With this data, Dagens Nyheter now has a model that predicts with 86% accuracy who will churn.

“We developed a real-time dashboard, using these markers, that enabled us to take action every single day on the most important churn drivers,” Wolodarski said. “When you connect the behavioural data with your marketing organisation, it can be very powerful. You can send out the right kind of offers to the right kind of customers. You can focus on the customers who are most likely to leave you soon, and take actions on that.”

Dagens Nyheter focused on three broad areas:

  1. Sales channels: move from telemarketing to digital sales channels.
  2. Pricing/Offers: focus on subscription optimisation, invoicing, and debt.
  3. Payment: introduce broader options, paywall recognition, create autopay flow, and migrating stock to autopay.

The main takeaway from this entire experience for Wolodarski was that it became a big organisational shake-up.

“I discovered when we started this project that there was always someone missing when we were ready to do something. I decided to do a daily 15-minute morning check-in with all the relevant stakeholders present. We started to truly work in a cross-functional way, with continuous and regular problem solving.”

Every Friday the team has a 30-minute demo session, to check on their progress and celebrate success. The editorial side of the company was also quite involved with this transformation. At the heart of the newsroom, they can follow the subscription dashboard in real-time. The dashboard also shows the articles that are driving the subscription business, and having the highest conversion. Goals are clearly there and transparent for everyone.

Some of these most important KPIs include time spent on articles (Wolodarski said that tells them more than simple page views), social shares, etc.

“This is all very much part of our culture these days, and has helped us a lot.”

The results? After implementing Klarna’s one-click subscription payment service and SparkBeyond’s research data, churn is down significantly since the high in March 2017.

Dagens Nyheter has seen a drop in churn of more than 25% since that time, from 14.8 to 10.8. Its base of digital subscribers is also increasing steadily, with a net growth of about 5,000 new subscribers per month. For the first time in 12 years, the total number of subscribers (print and digital) has increased exponentially.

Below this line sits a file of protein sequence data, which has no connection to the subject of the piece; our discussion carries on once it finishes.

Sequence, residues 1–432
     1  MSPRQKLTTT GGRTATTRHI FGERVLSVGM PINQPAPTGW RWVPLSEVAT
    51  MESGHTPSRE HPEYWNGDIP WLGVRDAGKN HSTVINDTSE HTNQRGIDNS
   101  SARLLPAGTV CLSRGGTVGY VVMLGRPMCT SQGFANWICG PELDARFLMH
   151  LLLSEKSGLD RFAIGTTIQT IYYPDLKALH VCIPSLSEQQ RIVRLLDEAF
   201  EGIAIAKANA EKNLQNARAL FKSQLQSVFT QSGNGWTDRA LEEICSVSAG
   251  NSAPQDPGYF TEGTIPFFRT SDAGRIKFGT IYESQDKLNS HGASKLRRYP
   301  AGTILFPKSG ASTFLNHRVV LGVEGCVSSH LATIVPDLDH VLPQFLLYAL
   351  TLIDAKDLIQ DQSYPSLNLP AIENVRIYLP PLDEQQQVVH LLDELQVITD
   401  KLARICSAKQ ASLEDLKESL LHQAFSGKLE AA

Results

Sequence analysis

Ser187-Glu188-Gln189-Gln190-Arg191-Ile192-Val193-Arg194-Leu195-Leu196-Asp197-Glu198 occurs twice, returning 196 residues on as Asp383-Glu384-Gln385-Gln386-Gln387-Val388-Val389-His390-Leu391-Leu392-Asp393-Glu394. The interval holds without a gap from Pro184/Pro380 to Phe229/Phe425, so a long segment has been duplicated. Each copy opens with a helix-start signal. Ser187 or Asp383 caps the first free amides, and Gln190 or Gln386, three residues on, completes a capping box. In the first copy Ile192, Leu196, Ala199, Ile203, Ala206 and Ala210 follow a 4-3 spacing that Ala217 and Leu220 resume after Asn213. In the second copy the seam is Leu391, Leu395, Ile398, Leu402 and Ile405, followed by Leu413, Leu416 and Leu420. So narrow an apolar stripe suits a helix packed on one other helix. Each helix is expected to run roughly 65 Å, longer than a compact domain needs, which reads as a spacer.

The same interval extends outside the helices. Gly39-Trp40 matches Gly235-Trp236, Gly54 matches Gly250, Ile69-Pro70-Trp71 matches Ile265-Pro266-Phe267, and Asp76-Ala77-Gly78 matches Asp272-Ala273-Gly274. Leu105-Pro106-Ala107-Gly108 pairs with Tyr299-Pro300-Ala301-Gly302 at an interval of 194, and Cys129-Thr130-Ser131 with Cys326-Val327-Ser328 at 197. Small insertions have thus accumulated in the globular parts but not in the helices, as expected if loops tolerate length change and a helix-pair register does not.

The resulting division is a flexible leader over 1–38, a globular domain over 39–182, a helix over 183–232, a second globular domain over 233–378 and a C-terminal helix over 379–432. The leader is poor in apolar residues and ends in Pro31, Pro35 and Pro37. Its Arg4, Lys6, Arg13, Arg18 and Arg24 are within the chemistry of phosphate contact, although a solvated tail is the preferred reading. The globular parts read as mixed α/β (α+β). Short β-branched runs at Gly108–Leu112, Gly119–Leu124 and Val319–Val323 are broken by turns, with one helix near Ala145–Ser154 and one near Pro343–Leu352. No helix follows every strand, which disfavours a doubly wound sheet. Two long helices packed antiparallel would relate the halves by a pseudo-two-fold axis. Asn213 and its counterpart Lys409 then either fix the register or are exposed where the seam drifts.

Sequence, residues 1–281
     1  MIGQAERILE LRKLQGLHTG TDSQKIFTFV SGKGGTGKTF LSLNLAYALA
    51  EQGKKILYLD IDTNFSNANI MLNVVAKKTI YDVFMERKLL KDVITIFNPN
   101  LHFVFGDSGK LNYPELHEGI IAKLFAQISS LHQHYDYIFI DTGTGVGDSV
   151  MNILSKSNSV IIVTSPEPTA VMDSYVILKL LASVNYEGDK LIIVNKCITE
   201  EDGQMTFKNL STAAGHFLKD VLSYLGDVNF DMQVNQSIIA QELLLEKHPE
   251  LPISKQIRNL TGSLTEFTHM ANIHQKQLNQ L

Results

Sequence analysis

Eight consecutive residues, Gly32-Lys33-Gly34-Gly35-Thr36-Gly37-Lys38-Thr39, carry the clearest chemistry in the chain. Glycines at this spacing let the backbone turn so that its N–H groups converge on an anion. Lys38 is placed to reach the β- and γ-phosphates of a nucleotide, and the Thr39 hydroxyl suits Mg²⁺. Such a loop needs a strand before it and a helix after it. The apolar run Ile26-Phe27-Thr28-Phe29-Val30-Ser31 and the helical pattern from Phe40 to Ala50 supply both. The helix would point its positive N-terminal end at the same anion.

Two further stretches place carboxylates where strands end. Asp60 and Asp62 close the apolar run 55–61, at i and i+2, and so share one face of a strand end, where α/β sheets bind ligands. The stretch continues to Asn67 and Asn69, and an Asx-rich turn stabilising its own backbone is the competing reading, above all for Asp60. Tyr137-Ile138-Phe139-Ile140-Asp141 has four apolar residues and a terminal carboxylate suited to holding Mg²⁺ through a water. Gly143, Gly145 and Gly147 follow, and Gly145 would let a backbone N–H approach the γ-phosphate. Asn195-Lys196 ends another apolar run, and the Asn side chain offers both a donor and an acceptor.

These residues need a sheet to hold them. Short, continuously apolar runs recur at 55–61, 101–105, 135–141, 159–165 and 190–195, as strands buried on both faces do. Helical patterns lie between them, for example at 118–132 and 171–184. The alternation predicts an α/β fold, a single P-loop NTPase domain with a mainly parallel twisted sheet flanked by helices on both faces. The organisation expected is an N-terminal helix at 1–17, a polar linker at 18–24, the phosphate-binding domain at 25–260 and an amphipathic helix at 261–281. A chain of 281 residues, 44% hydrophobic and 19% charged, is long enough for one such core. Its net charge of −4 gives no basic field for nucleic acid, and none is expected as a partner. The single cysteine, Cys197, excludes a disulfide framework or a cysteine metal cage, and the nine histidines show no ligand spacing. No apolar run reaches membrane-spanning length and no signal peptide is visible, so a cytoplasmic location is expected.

Wolodarski said one reason he felt the implementation of this transition was so successful was because it was led by the editor — not by the marketing team: “I think we are really on a path to success. We are not done with this transformation. Now we are busy growing, instead of busy dying.”

The Webinar then opened for a Q&A session, moderated by Wilkinson.

INMA: Is there a free or bonus period in the beginning of a new subscription?

Wolodarski: First month is free, and the cost is approximately US$12 per month after that. The operate with a hybrid model that offers four free articles per week, and the rest behind a paywall.

INMA: Which digital sales channels work best for you?

Wolodarski: Organic sales from our own Website have the best conversion and lowest churn levels. Google is now introducing a friction-free solution for publishers (similar to Klarna from three years ago). It’s good, but it won’t be efficient. Klarna is ahead of both Google and Facebook in the payment area.

INMA: How are you engaging with the customers whom your data shows are more likely to churn?

Wolodarski: We are experimenting a lot. One big method is we reach out via targeted marketing on Facebook with special offers. This also changes quite a bit over time. We are always evaluating to see which techniques work the best. You have to work on it all the time and try different things; there is not just one solution to this.

INMA: Do you have specific channels to promote your brand to younger audience?

Wolodarski: I think we can get a lot better in this area. We are working on this through universities. We are associated with knowledge, and are viewed as credible. This is something very valuable for students and teachers. Social media, of course, is very important here as well. The most important aspect however is in your content — having the right content that is relevant, and that the younger audience cares about. That is how you convert free readers into paid readers.

INMA: What kind of data are you collecting from users who sign up with one click?

Wolodarski: Their time on the Web site, what they read and engage with, in addition to their payment information. We are starting to collect information on things like how much money they are willing to pay for certain things, which will become even more important when we start using this to go into e-commerce.

INMA: How many digital subscribers would you need to survive only with digital?

Wolodarski: This is difficult to answer because it depends on how much we charge. Right now we’ve been raising the print subscription price, while the digital is inexpensive. When we have bigger volume we will start to raise digital prices as well, depending on the data. In general, we would probably need to double the amount of subscribers we have now. But the opportunity for that growth is out there; we only have 1% of the Swedish population right now. I think achieving 5% is not unrealistic.

INMA: What percentage of your digital subscribers are on auto-pay?

Wolodarski: Right now it’s around 30%, while print is 60%. But these numbers are going up steadily for the digital stock, which will take churn numbers down.